The antagonists of the special are a couple of professional "plant poachers" named Chopper and Sly, who also have their sights set on plundering the mysterious goodies of the Wollemi Forest. They might as well be Harry and Joe from the original film, and in fact they come across as versions of Harry and Joe that have been purposely watered down in order to appear less intimidating to younger viewers (not that Harry and Joe themselves made for particularly formidable foes during their climactic showdown with Blinky and his gang, but they were at least capable of dishing out destruction of truly cataclysmic proportions toward the start of the film). Chopper and Sly are easily my least favourite aspect of White Christmas, for their sequences are frankly even more of a chore to sit through than the aforementioned filler with Miss Magpie and her choir. If you read my review of The Mischievous Koala, you might recall me noting that Yoram Gross's take on Blinky Bill attracted some controversy for its negative portrayal of the woodchipping industry. The original feature was careful to cover itself with a disclaimer emphasising that its villains were into illegal woodchipping practices only, but I've found at least one source claiming that the Australian forest industry took offense when the lyrics "Save us from that woodchip mill!" were incorporated into the TV series' theme song. White Christmas plays things as safe as humanly possible, by giving Chopper and Sly an extensive amount of dialogue in which they plainly discuss the criminality of their own plant-harvesting actions, just so there's no confusion as to which subcategory of woodchipper Yoram Gross are condemning. Needless to say, Chopper and Sly's villainy is painted in very broad strokes, and they make for fairly unengaging antagonists, too on the nose in their misdeeds to have any kind of authenticity but also too dense and ineffectual to seem capable of causing any real harm. It doesn't help that they're a variation on the same stupid-little-skinny-guy-and-slighty-less-stupid-but-still-pretty-stupid-fat-guy schtick we've seen replicated hundreds of times in the wake of Laurel and Hardy.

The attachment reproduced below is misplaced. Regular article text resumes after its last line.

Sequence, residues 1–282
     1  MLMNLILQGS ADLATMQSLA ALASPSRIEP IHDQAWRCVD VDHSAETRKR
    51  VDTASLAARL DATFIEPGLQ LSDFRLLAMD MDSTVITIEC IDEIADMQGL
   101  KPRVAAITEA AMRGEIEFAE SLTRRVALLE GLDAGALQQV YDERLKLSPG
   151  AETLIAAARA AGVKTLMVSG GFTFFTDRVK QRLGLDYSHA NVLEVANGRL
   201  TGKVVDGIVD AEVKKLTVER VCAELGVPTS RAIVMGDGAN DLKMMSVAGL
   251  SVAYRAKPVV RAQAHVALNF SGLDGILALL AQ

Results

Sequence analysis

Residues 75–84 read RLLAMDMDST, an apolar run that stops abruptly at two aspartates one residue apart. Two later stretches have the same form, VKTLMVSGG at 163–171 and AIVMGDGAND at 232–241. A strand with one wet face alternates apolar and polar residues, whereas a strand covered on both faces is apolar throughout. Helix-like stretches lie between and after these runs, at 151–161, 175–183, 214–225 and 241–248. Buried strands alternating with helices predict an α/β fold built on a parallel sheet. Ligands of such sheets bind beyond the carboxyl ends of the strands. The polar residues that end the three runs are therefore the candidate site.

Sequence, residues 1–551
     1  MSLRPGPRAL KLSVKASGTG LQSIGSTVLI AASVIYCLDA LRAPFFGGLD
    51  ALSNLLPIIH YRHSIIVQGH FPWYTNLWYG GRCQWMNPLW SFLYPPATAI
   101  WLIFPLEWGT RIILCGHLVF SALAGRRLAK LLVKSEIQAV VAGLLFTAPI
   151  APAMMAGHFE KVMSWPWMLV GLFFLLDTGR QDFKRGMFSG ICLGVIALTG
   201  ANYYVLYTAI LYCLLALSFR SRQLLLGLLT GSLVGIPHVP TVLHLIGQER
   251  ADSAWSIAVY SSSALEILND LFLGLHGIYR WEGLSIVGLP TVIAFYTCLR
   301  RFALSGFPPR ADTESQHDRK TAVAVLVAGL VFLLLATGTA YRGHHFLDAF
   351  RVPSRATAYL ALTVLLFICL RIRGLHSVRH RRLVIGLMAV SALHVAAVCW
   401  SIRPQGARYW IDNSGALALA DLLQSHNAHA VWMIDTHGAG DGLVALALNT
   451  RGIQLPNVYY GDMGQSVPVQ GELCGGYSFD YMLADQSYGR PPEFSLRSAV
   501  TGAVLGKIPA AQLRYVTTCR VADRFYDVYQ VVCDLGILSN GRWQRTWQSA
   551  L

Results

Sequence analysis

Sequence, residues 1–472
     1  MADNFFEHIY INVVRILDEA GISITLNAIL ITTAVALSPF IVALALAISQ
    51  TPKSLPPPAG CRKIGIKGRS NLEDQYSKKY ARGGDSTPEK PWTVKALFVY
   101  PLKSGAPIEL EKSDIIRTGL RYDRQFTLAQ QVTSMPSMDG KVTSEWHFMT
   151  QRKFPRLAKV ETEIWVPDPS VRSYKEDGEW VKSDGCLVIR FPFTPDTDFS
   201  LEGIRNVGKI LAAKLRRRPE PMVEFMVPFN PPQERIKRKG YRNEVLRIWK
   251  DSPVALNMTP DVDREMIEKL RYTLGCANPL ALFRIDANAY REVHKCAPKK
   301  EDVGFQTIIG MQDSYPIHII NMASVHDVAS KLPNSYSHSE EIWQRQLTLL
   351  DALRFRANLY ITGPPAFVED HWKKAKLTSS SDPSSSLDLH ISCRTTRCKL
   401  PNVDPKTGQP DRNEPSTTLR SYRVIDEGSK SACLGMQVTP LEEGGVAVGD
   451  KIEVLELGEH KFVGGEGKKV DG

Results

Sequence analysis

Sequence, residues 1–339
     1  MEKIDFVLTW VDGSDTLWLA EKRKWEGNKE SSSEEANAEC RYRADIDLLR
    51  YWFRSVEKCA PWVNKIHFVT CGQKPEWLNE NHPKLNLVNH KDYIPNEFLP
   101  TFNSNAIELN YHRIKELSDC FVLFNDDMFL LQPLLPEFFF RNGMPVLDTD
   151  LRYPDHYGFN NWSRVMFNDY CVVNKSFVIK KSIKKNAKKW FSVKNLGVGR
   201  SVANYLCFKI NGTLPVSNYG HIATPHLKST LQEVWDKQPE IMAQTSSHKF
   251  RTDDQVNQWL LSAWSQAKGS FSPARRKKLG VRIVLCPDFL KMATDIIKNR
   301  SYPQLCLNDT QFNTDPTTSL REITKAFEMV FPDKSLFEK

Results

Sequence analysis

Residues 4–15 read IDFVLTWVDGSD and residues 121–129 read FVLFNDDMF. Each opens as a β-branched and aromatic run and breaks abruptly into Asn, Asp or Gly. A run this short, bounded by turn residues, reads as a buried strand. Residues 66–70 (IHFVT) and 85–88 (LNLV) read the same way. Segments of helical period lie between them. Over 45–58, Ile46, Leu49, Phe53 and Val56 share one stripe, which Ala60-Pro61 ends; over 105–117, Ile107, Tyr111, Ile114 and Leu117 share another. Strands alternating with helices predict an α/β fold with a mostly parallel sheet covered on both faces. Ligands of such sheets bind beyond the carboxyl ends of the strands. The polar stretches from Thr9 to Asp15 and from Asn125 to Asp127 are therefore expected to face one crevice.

Despite the 80 minute run time, there's not a whole lot actually happens in White Christmas. Blinky and Flap have various run-ins with Chopper and Sly and are eventually cornered in a cave, where they befriend a large wombat-like creature they name "Wol" (on the basis that that's the only thing he can seemingly say). Wol's species is never formally given, but he's a Diprotodon, a type of extinct giant burrowing marsupial related to the wombat (I know this, not because I'm amazing proficient in marsupial paleontology, but because Lobe once referenced the species in an episode of Freakazoid!). Wol, of course, is one of the prehistoric residents of the Wollemi Forest, but Blinky and Flap don't twig this right away. The most curious thing about Wol is that he wears a diaper, presumably as an easy shorthand to clue us in that he's only a baby, although later on when we actually get to the Wollemi Forest and meet the rest of its oddball menagerie they turn out to be largely non-anthropomorphic and are quite content to strut around in the nude, so...who among them forces Wol to wear a diaper for his modesty/convenience? Then again, we don't really get to spend a lot of time in the Wollemi itself. The obvious dilemma Blinky faces, as he finally reaches the forest, is whether or not it's ethical for him to cut down and make off with an endangered tree, even for something as ostensibly unselfish as a friend's Christmas celebrations. This is where the bulk of the special's drama lies, for we never sense that Chopper and Sly pose much of a threat to the forest (and indeed, Wol's father is quite capable of seeing unwanted encroachers off himself, without the aid of Blinky or Flap). It's here that White Christmas would really have benefited from a sprinkling of the trademark melancholia that ran rife throughout the Dot features and The Mischievous Koala, in order to convey a sense of the Wollemi Forest being something very special and vulnerable. As it is, the Wollemi is really just a bland forest populated by slightly odd-looking creatures who don't talk or wear clothes (Wol's mysterious diaper notwithstanding). Evidently, it's meant to be a place that time forgot, but not enough is done to instill it with its own unique atmosphere or mystique. In the end, Blinky decides that he cannot cut down one of the wollemi pines and risk destroying the homes of any of the forest's residents, but regrets not having anything to show for his troubles to Wombo...whereupon Wol gets him out of his spot by gifting him with a small potted wollemi seedling. A sweet gesture, although it does raise further questions, such as where did Wol even manage to get hold of that pot in the first place? Like his diaper, it somewhat undermines the implicit idea that that these creatures are meant to be untouched by civilisation, be it that of humans or anthropmorphic bush critters.